As I predicted, March was a bit of a crazy month for me. The good news is that I’m one month down in my final year at university. The bad news is I wasn’t able to finish my entire March TBR List 😦 I did enjoy every book I read, so I can’t complain about that! Lady Chatterley’s Lover inspired a lot
Lady Chatterley’s Lover inspired a lot of conversation. No matter what you think of the novel itself, it’s safe to say Lawerence managed to produce an extremely controversial novel which I think was his main goal. And Precious Things was a wonderful surprise from an Australian author new to me, Kelly Doust.
At university I’ve been learning all about play and games and lots of interesting theories about video games plus working very hard on a group web project, Bookstagram Wiz.
And on a personal note, I’m over the moon that footy is back in Australia. Go Cats! I’m a little bit disappointed that Summer is over and the weather is starting to cool down, but we can’t have everything exactly how we would like it all of time. Although an endless Summer would be kind of nice in a perfect world where climate change was not an issue.
Books I read in March
Lady Chatterley’s Lover
LADY CHATTERLEY’S LOVER was banned on its publication in 1928, creating a storm of controversy. Lawrence tells the story of Constance Chatterley’s marriage to Sir Clifford, an aristocratic and an intellectual who is paralyzed from the waist down after the First World War. Desperate for an heir and embarrassed by his inability to satisfy his wife, Clifford suggests that she have an affair. Constance, troubled by her husband’s words, finds herself involved in a passionate relationship with their gamekeeper, Oliver Mellors. Lawrence’s vitriolic denunciations of industrialism and class division come together in his vivid depiction of the profound emotional and physical connection between a couple otherwise divided by station and society
Precious Things by Kelly Doust
In the tradition of gloriously absorbing, lush and moving women’s fiction by authors such as Kate Morton, Lucinda Riley and Joanne Harris comes PRECIOUS THINGS.
Normandy, France, 1891: a young woman painstakingly sews an intricate beaded collar to her wedding dress, the night before her marriage to someone she barely knows. Yet Aimee longs for so much more …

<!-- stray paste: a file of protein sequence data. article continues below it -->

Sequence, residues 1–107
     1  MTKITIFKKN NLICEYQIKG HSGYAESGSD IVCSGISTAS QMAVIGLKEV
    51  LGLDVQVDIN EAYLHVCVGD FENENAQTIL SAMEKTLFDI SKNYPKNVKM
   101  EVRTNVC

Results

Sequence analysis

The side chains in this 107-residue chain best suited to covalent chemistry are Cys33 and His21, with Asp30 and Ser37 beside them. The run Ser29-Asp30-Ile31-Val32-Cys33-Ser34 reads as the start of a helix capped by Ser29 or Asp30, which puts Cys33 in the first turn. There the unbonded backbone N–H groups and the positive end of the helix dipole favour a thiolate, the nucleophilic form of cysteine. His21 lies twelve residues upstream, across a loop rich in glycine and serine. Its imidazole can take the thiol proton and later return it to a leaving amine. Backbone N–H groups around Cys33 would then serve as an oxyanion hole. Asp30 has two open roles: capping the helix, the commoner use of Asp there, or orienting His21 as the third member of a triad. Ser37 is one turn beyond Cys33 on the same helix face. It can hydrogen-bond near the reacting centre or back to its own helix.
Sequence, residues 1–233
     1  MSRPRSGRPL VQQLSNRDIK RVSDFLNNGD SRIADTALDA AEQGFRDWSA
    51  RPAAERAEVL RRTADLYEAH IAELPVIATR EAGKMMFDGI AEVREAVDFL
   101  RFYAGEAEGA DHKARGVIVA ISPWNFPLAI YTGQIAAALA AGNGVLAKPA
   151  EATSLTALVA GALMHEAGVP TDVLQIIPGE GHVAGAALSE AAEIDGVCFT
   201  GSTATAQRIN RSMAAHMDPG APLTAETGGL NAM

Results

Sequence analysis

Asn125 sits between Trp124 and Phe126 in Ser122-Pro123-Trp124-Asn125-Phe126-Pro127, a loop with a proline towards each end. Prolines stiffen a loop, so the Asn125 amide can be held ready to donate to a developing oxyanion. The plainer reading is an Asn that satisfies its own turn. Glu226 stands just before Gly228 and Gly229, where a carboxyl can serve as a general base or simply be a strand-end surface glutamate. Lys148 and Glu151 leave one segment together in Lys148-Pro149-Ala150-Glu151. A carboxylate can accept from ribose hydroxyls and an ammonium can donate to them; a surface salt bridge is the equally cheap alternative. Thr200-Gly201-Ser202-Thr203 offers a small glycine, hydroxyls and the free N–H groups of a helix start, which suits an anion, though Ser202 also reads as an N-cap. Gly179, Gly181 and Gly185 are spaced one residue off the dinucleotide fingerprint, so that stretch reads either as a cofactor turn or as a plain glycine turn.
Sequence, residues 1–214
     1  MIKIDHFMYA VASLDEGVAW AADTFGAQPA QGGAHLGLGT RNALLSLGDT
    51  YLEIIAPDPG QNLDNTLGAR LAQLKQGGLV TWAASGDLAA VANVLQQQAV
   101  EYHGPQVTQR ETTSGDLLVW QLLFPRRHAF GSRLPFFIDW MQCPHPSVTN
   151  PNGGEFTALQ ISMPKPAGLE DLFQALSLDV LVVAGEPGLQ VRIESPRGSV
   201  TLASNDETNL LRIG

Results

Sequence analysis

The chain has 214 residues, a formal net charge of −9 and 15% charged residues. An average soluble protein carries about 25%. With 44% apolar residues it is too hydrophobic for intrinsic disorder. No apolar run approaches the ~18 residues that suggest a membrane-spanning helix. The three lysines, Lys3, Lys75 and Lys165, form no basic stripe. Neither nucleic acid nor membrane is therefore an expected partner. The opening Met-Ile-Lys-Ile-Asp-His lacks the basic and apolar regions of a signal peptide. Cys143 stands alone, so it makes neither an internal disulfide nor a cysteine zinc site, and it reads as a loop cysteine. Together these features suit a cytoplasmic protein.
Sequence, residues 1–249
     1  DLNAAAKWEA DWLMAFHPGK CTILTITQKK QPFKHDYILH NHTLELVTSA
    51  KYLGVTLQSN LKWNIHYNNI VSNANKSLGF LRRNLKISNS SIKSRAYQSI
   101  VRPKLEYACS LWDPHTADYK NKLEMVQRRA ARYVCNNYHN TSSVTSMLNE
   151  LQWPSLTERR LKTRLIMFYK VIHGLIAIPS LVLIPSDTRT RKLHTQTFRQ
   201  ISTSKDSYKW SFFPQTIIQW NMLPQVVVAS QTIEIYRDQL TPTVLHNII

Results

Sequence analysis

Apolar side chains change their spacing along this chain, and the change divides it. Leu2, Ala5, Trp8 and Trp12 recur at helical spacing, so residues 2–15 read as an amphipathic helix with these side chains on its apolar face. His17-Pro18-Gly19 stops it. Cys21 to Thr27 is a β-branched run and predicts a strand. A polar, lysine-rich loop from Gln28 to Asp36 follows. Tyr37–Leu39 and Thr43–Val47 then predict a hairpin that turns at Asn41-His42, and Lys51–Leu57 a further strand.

Shanghai, 1926: dancing sensation and wild child Zephyr spies what looks like a beaded headpiece lying carelessly discarded on a ballroom floor. She takes it with her to Malaya where she sets her sights on a prize so out of reach that, in striving for it, she will jeopardise everything she holds dear …
PRECIOUS THINGS tells the story of a collar – a wonderful, glittering beaded piece – and its journey through the decades. It’s also the story of Maggie, an auctioneer living in modern-day London, who comes across the crumpled, neglected collar in a box of old junk, and sets out on an unexpected mission to discover more about its secret and elusive past.
Maggie has a journey of her own too. Juggling a demanding job, a clingy young child and a rebellious stepdaughter, and with her once-solid marriage foundering under the pressure of a busy life, Maggie has to find out the hard way that you can’t always get what you want… but sometimes, you’re lucky enough to get precisely what you need.
This is a wonderful, absorbing and moving novel about desire, marriage and family, telling the story about how we so often reach out for the sparkly, shiny things (and people) we desire, only to realise – in the nick of time – that the most precious things are the ones we’ve had with us all along.
April TBR List
Madame Bovary by Gustave Flaubert
From the David Bowie Reading Challenge#DBowieBooks
When Emma Rouault marries Charles Bovary she imagines she will pass into the life of luxury and passion that she reads about in sentimental novels and women’s magazines. But Charles is a dull country doctor, and provincial life is very different from the romantic excitement for which she yearns. In her quest to realize her dreams she takes a lover, and begins a devastating spiral into deceit and despair.
Flaubert’s novel scandalized its readers when it was first published in 1857, and it remains unsurpassed in its unveiling of character and society.
Broken Sky by L.A. Weatherley
Welcome to a “perfect” world. Where war is illegal, harmony is enforced, and your date of birth marks your destiny. But nothing is perfect, and in a world this broken, who can Amity trust? Friends? Family? Her one true love? An electrifying new series of heartbreak and deception from L.A. Weatherly, bestselling author of the ANGEL trilogy.
Conjuror by John and Carole E. Barrowman
Sixteen-year-old twins Matt and Em Calder are Animare: they can bring art to life, and travel in time through paintings. They work for Orion – the Animare MI5 – protecting the secrecy of their order and investigating crimes committed by their own kind. It’s dangerous work. But when they are sent to Edinburgh to find a teenage boy who can alter reality with his music, they are drawn into something more dangerous still. For this boy, Remy, is the Conjurer’s Son. And he carries something that could change humanity for ever…
F*ck Love by Tarryn Fisher
Helena Conway has fallen in love.
But not unprovoked.
Kit Isley is everything she’s not—unstructured, untethered,
and not even a little bit careful.
It could all be so beautiful … if he wasn’t dating her best friend.
Helena must defy her heart, do the right thing, and think of others.
Until she doesn’t.